This popular composition depicts a theme that has traditionally been thought to be the invention of Marten van Cleve; those versions of the composition by Pieter Brueghel II have consequently been regarded as copies after a lost prototype by the former. More recently, however, Klaus Ertz, in his monograph on Pieter II (Lingen, 2000, pp. 523-33), has suggested that the present compositional type is instead an invention by Brueghel that is only loosely based upon concepts of Van Cleve's (as displayed, for example, in an engraving after the latter by Balthasar van den Bos; ibid., p. 525, fig. 393). On the basis of photographs, he regards a possible contender for the Brueghel prototype as being a painting in the Gemäldegalerie, Dresden, hypothesizing that as a work by Pieter II there need be no reason to doubt - as is currently the case - the signature, which if correct, is of a form (the initials 'P.B.') that suggests a date in the 1580s.
Ertz lists three examples as being fully attributable to Pieter II (that in a private collection, Madrid, his no. 576; the signed work in the Museo Stibbert, Florence, datable to circa 1620, his no. 577; and that sold, Sotheby's, London, 4 April 1984, lot 44, his no. 578), as well as a further five works recorded in earlier documents or known only from photographs, including that in the Palais des Beaux-Arts, Brussels (his no. 581) and that in Dresden, mentioned above (his no. 582). Noting, however, the early date of some of the Van Cleve attributions (including one possibly in the 1642 inventory of Herman de Neyt, which lists amongst five works by Marten van Cleve 'eenen coninck drinckte'), he suggests that, amongst the known versions of the composition, a few may have been painted by one of his followers after Brueghel's design. These he defines by their inclusion of a group of spilled vegetables in the lower right corner, as also in the present work: a motif that he notes is found nowhere in Brueghel's oeuvre, but that does appear in that of Van Cleve, for example in his various depictions of The visit to the farm (e.g. ibid.., p. 480, figs. 362-3).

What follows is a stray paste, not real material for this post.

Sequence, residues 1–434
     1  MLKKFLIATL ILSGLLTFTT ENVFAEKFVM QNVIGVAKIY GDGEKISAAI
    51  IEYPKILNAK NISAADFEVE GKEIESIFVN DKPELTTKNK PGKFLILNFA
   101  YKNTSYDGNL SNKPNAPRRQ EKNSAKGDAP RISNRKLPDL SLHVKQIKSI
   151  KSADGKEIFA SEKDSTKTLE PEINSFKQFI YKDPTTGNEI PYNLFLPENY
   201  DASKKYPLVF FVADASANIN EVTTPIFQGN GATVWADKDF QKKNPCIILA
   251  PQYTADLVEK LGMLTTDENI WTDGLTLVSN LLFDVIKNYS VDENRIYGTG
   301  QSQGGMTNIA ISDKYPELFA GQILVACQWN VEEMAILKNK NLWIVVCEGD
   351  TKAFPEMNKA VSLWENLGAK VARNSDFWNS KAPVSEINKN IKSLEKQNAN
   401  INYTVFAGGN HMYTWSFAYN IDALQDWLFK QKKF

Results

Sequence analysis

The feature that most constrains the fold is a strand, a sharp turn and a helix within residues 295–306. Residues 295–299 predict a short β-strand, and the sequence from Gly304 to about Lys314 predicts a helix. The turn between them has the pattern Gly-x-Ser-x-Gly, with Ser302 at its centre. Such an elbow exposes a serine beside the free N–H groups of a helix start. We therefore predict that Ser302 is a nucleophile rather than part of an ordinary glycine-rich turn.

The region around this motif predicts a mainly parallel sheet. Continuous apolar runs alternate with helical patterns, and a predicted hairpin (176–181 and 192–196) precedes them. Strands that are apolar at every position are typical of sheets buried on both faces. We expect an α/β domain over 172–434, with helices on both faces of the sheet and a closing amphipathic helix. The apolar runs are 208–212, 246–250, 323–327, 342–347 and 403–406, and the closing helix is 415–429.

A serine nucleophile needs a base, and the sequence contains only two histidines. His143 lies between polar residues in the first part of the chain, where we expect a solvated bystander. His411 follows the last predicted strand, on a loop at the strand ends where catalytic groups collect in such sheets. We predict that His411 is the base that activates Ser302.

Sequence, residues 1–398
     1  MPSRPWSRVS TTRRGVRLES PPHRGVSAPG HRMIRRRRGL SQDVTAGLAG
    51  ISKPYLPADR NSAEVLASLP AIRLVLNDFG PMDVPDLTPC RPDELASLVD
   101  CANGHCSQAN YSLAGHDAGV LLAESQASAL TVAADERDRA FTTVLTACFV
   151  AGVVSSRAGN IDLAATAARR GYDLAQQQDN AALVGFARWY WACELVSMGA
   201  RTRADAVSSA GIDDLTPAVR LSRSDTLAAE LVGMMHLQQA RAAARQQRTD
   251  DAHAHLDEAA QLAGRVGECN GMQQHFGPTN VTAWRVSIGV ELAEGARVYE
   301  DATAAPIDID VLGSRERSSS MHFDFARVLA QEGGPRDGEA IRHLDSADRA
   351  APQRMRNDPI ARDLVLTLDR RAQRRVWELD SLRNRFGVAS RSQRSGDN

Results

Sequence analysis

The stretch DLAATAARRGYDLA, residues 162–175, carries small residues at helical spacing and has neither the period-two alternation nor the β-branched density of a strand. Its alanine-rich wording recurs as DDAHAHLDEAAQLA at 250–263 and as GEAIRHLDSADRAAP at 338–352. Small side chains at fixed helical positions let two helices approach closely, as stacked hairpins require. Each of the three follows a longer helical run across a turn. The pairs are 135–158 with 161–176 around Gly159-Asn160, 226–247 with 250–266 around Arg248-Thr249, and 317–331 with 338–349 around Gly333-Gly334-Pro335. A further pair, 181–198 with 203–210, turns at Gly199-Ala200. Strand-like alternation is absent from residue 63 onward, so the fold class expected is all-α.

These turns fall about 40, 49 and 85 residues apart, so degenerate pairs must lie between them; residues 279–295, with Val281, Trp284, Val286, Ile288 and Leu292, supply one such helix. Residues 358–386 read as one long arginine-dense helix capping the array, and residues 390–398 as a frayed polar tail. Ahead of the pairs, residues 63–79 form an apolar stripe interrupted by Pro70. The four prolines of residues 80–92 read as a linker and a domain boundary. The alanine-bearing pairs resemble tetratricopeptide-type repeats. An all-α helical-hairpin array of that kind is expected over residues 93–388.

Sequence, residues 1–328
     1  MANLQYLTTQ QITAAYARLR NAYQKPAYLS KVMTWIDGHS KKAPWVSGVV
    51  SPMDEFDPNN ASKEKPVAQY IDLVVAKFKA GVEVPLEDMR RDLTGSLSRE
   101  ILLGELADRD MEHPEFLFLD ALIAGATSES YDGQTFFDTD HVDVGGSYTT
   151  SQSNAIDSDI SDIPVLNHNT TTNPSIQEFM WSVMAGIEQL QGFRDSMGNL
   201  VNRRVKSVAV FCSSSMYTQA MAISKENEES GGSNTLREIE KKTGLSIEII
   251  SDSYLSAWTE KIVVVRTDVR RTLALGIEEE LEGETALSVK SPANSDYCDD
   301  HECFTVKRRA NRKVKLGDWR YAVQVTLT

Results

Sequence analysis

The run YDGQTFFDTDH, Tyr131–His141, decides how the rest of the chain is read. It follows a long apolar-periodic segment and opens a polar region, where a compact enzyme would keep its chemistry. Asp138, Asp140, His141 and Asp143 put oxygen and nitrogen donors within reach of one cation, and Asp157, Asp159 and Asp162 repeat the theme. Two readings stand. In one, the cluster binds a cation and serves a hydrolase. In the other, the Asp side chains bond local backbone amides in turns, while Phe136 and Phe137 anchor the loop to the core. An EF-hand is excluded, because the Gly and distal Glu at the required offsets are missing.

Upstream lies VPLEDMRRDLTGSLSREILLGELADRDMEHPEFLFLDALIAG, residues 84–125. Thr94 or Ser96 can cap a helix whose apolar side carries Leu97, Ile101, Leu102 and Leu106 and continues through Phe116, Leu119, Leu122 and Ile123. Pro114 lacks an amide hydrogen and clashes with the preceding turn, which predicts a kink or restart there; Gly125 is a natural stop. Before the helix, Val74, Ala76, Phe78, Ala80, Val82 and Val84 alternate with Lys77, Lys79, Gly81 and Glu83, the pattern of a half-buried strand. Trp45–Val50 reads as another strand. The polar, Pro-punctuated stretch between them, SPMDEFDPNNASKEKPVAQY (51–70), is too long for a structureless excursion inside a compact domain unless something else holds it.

Whichever artist is responsible for the original, elements of the concept certainly still derive from Van Cleve - a particularly fundamental aspect being in the understanding of the relationship between the figures dressed as King Carnival and Dame Lent. These appear elsewhere in Pieter II's oeuvre, always following the usage of his father who represented them as adversaries, engaging in a jousting tournament against each other. It seems, by contrast, to have been Van Cleve who introduced the motif of the two figures entering the interior hand-in-hand, dancing to the music of a bagpiper (for example in the work offered in these Rooms, 9 June 2003, lot 19). In addition, the figure of the woman cooking pancakes derives from Van Cleve - for example in The visit to the farm - whilst Ertz's view that the winter landscape in the background is a motif of Brueghel's and not Van Cleve's seems uncertain given the apparently wintry background in the Van den Bos engraving. It is, furthermore, notable that the present picture depicts a hole in the far wall of the building - an unusual feature that Ertz finds elsewhere only in two fully autograph works (his nos. 576 and 578); its inclusion in a work that also contains the Van Cleve vegetable motif may therefore suggest that there is more to the argument, and that a Van Cleve prototype may yet remain to be discovered.
The feast depicted is that of Epiphany, celebrated either on 6 January - the thirteenth day after Christmas - or on the preceding evening (Twelfth Night). After returning from church, the company would gather for a large meal, at the start of which one of those present would be chosen as king by casting lots or by serving cakes, one which included a bean, the discoverer of which being designated king (hence the alternative name for the theme in artistic depictions: The Bean King). The king would then be given a paper crown and would organise the members of the court: typically a queen, jester, cook, musician, master of ceremonies, taster and porter. The highlight of the evening was the moment the king lifted the glass to take the first sip, at which the company would shout as loudly as possible 'The king drinks!', after which the main celebrations would begin.